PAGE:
One thing that emerged from President Ian Khama’s recent interview with Botswana Television (BTV) is that the interviewer, Mogomotsi Kaboeamodimo, lacked the basic skills and techniques to conduct a world class sit-down interview with the state president.
Kaboeamodimo’s demeanour, posture and interviewing skills exposed him as the apologetic interviewer who is afraid to take on his master. He failed to probe the president with highly critical questions that would have otherwise given the interview the spark it deserved. This glaring failure by Kaboeamodimo to be a willing participant in the whole interview is perhaps a clear sign that the whole exercise was staged by the government in the year of the general election. It is clear that the interviewer was either intimidated by the interviewee or he was just reluctant to ask his master uncomfortable questions.
Like an intimidated Grade One pupil, Kaboeamodimo sunk in his chair and kept on referring to a small note book and a laptop computer for questions. While there is nothing wrong in doing that, the amount of time he took referring to his notebook exposed Kaboeamodimo as a weak and less confident television interviewer.
In a television interview, appearance and mannerism of the interviewer matter the most. In this instance Kaboaemodimo was at best extremely apologetic. This is not to say that he should have been disrespectful of the president, but he should have been in control of the interview. Neither am I saying that Kaboeamodimo should have adopted the more combative interview style of Stephen Tucker or Tim Sebastian or even our own Reginald Richardson (though there is nothing wrong with that), but he should have taken a cue from the great broadcast journalists such as Larry King and Barbara Walters.
Surely in our case the interviewer appeared to have chosen to act more like a facilitator than an interviewer. He preferred the infamous Dali Tambo-Robert Mugabe kind of interview. For the better part of the interview, Kaboeamodimo adopted a more unfamiliar kind of questioning. He would ask a question and then allow the president to go on and on without attempting to challenge some of the statements the president made. A few follow-up questions were asked. As a result the interview was unnecessarily too long. The president was asked to address issues such as health, agriculture, education, foreign policy and many others. To those who watched the interview with a critical eye the whole thing was a huge torture. More than 80 percent of the interview was the repeat of the 2013 or even 2012 State of The Nation Address. The issues were not new.
The interviewer also failed to take the president to task when he addressed the issue of the Mosu compound. When he raised the Mosu question, Kaboeamodimo was hesitant and extremely apologetic: “I want to conclude by something very personal to you, if you allow me…” Great interviewers won’t allow themselves to be apologetic in their line of questioning. What for? Again, Kaboeamodimo only asked the president about the Mosu compound and left questions about the Mosu airstrip.
The president’s answer regarding Mosu was filled with holes. Was the Mosu compound a residential place or a lodge? The land board awarded the land to the president to start a commercial lodge. Is the airstrip on private or public land? Who are his friends who are said to have been part of the Mosu compound? These are some of the critical questions that Kaboeamodimo ought to have asked.Kaboeamodimo also failed to challenge president Khama to produce evidence on allegations that some journalists are in cahoots with the opposition parties to besmirch the president ahead of the 2014 general election.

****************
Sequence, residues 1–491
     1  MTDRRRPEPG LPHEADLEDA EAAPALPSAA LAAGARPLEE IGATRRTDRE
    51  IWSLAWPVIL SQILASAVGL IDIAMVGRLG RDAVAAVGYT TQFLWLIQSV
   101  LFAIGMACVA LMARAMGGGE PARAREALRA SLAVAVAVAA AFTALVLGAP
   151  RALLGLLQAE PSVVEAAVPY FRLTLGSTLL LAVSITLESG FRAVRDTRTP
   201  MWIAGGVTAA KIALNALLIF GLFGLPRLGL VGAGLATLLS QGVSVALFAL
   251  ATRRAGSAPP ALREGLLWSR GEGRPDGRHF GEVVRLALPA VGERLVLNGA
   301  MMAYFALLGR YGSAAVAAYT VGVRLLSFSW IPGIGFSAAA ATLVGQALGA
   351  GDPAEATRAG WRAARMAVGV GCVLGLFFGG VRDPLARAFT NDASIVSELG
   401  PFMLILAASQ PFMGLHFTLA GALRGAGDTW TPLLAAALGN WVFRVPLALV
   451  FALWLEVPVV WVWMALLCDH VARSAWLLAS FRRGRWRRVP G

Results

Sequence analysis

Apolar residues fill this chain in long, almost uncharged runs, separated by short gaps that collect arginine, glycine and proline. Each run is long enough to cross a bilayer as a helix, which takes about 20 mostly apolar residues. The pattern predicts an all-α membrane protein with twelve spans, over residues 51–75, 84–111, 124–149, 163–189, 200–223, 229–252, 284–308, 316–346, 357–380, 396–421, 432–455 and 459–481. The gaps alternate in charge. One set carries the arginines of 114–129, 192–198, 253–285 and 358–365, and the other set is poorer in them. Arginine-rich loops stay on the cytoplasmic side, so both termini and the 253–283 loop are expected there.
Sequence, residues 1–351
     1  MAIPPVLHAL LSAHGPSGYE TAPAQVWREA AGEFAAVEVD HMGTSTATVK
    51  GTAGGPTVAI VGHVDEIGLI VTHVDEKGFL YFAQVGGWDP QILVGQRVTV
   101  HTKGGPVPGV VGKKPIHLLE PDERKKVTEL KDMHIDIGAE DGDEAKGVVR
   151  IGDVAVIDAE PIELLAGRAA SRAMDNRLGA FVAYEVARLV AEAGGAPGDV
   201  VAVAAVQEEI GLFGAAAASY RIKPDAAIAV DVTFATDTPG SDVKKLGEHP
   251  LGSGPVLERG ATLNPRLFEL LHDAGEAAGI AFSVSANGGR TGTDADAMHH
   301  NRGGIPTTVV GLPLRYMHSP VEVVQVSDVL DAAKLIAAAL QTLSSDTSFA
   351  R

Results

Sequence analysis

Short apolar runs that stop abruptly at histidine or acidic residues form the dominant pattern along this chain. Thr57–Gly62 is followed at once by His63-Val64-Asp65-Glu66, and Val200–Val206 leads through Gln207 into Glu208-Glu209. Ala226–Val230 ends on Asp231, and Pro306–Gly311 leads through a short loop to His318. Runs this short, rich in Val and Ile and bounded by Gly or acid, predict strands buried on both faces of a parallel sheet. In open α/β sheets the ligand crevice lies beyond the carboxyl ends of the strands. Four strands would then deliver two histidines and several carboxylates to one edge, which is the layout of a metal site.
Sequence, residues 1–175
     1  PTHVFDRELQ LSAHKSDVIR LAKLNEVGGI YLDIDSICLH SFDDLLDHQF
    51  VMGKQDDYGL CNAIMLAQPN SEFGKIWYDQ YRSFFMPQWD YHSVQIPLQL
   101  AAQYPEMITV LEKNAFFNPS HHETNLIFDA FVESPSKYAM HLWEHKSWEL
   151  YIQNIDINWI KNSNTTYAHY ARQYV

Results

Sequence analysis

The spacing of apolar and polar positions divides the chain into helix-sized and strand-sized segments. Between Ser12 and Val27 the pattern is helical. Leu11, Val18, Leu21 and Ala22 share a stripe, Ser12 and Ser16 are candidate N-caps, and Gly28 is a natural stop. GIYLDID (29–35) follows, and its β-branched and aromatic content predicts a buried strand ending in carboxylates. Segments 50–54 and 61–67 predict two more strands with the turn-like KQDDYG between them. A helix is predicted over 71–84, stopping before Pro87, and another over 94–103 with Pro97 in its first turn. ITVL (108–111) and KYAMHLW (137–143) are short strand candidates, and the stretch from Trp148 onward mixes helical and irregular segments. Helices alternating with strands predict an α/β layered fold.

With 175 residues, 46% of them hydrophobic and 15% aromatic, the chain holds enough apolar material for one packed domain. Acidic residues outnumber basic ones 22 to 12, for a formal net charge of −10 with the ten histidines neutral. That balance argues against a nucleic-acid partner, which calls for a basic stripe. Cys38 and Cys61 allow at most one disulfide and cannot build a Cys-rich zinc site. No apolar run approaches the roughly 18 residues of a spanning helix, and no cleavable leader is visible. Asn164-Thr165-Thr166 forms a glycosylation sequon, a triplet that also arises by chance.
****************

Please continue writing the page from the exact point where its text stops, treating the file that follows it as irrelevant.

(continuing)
Khama was given a microphone to instead besmirch the journalists and the journalism profession by making unsubstantiated and unverified claims. Despite his poor interviewing and presentation skills Kaboeamodimo raised issues around the internal BDP squabbles and the resignation of the former chairperson Samson Moyo Guma. Kaboeamodimo, however, failed to probe Khama more about his succession plan. For example, what is his take on the electoral loss of his first cousin Ramadeluka Seretse? Is there a succession plan? Is Seretse part of the succession plan as alleged by many in the BDP and in the media?
The only highlight of the interview was when Khama talked about foreign policy, in particular Botswana’s stand on the recent Zimbabwe harmonised election.
The president maintained that while the Zimbabwe election were “free and peaceful” they were not fair. And also that Botswana would not be participating in any future SADC observer missions should the regional body fail to address demands for an audit of the elections.
Certainly Kaboeamodimo failed to impress, but Khama was a fair participant. He was clearly in his favourite turf. The interview was the public relations exercise that he needed. The question one may ask is, what was the president doing with a piece of stick that he played with during the entire interview?
So many questions were left out of the interview. The reluctant interviewer failed to rise to the occasion. He failed to interview Khama, but gave him the microphone to say whatever he wanted to say. What a missed opportunity! Perhaps Kaboeamodimo should focus on nurturing talent at BTV than doing something that he is clearly clueless about.